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Jaymay Autumn Fallin' Review

Album. Released 2007.  

BBC Review

Like being smothered to death with candyfloss.

Stewart Turner 2007

You've heard of the break-up song... well, the latest darling of the New York 'Anti-Folk' scene Jaymay (real name Jamie Seerman) has upped the stakes and written an entire break-up album.

The ten songs of debut long-player, Autumn Fallin', detail a wintertime love affair, which begs the question of whether she can write about anything else, and if not, whether she's busy dating again in hopeful anticipation of making that ‘difficult second album’ a little less difficult.

With a style that is ostensibly something akin to contemporaries like Feist and Laura Veirs; sweet, heartfelt vocals and strumming folksy guitars, albeit with a straighter edge, in some ways it sounds a little to contrived, often at pains to make sure we're oh-so-aware that this is a special, artsy, New York-kind of a relationship she’s singing about, something a bit more important than usual, something messily awash with typewriters, songwriters, poetic drunks and the like.

Things tend to work best when the instrumentation is fuller. Piano and strings-laden "Blue Skies" is a timeless-sounding triumph, and album opener "Grey Or Blue", with its cutesy, 'first-blossoming-of-love' lyric isn't far off either. "You'd Better Run" is an ambitious, ten-minute chugging waltz of a song, all warm Hammond organ flourishes and plink-plonk toy pianos. It doesn't so much as offer a passing nod to Blonde On Blonde-era Bob Dylan as kiss it on both cheeks and have a half-hour chinwag.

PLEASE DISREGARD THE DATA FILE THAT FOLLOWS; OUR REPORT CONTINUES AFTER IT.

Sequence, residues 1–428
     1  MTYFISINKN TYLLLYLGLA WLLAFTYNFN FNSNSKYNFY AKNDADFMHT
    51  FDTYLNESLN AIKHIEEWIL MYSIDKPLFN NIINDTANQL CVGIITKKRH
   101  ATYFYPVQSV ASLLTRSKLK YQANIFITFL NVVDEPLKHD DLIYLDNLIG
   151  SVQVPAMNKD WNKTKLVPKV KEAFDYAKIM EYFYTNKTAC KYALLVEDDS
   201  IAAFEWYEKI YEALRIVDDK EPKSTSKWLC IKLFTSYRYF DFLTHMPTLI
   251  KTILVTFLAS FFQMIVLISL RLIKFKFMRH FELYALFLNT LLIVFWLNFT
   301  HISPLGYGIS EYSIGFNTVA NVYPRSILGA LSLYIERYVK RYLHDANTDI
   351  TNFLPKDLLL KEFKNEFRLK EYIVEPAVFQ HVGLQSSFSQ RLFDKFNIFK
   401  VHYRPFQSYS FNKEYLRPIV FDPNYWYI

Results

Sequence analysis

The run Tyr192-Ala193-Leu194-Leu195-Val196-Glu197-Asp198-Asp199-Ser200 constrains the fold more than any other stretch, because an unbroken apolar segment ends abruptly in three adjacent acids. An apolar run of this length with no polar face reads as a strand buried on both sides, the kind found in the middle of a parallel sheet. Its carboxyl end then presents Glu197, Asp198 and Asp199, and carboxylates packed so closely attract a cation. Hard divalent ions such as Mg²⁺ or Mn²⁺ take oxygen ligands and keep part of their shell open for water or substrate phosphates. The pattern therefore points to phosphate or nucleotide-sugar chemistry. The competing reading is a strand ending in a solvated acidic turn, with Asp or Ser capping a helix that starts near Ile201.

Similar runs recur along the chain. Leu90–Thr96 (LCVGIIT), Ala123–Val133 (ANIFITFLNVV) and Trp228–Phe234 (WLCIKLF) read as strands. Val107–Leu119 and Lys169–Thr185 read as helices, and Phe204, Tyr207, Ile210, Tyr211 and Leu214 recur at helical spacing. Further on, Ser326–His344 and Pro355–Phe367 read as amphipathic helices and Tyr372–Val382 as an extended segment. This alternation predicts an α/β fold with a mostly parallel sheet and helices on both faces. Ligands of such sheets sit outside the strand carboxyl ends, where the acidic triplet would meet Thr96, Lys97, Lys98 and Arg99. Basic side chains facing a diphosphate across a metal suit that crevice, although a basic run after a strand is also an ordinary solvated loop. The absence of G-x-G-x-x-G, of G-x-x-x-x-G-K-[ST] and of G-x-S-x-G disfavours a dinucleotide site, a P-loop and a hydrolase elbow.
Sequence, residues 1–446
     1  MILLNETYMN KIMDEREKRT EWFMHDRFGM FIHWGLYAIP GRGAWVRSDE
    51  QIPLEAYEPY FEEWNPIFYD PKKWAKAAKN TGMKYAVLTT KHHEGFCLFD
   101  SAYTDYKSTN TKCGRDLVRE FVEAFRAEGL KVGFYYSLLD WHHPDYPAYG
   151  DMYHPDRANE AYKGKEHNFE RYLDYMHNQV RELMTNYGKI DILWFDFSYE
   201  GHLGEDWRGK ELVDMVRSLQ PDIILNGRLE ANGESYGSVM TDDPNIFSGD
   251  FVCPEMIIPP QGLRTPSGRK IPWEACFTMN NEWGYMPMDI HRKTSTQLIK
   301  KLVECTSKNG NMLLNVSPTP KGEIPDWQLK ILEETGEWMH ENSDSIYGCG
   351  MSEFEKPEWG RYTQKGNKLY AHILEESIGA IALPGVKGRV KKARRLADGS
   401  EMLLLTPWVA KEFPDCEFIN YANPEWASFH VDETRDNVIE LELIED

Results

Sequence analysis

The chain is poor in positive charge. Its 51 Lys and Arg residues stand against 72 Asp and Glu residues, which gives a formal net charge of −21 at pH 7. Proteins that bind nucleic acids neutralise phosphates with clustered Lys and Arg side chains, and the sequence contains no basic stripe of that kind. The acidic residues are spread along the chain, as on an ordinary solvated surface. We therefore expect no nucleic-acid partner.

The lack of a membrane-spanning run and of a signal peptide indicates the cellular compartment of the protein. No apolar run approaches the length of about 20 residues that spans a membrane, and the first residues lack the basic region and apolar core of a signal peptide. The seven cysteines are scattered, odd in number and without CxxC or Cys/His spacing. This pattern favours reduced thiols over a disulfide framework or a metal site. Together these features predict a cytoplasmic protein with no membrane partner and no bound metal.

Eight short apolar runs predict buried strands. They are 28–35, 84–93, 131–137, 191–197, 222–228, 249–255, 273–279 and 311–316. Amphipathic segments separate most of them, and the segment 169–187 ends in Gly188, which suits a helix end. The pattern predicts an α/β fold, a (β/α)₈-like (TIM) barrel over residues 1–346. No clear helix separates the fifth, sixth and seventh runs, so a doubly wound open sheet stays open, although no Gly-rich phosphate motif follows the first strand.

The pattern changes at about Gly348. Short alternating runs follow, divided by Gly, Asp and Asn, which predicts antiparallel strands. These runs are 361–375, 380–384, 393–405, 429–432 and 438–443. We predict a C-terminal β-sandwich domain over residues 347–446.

The weakest song, the heavily stylised, jazz-tinged "Hard To
Say", is insufferable. Imitating a trumpet with your voice
is never a good idea, and the stench of kookiness is overwhelming. At times like this, the album sounds on the verge of becoming a parody of what the rest of the world expects a young, female New Yorker with an acoustic guitar to sound like.

Autumn Fallin’ signs off with "You Are The Only One I Love", perhaps a perfect benchmark for assessing whether you'll love Jaymay or hate her. She’s produced an album with genuinely amazing moments, but the overall effect is a bit stifling, something like being smothered to death with candyfloss.

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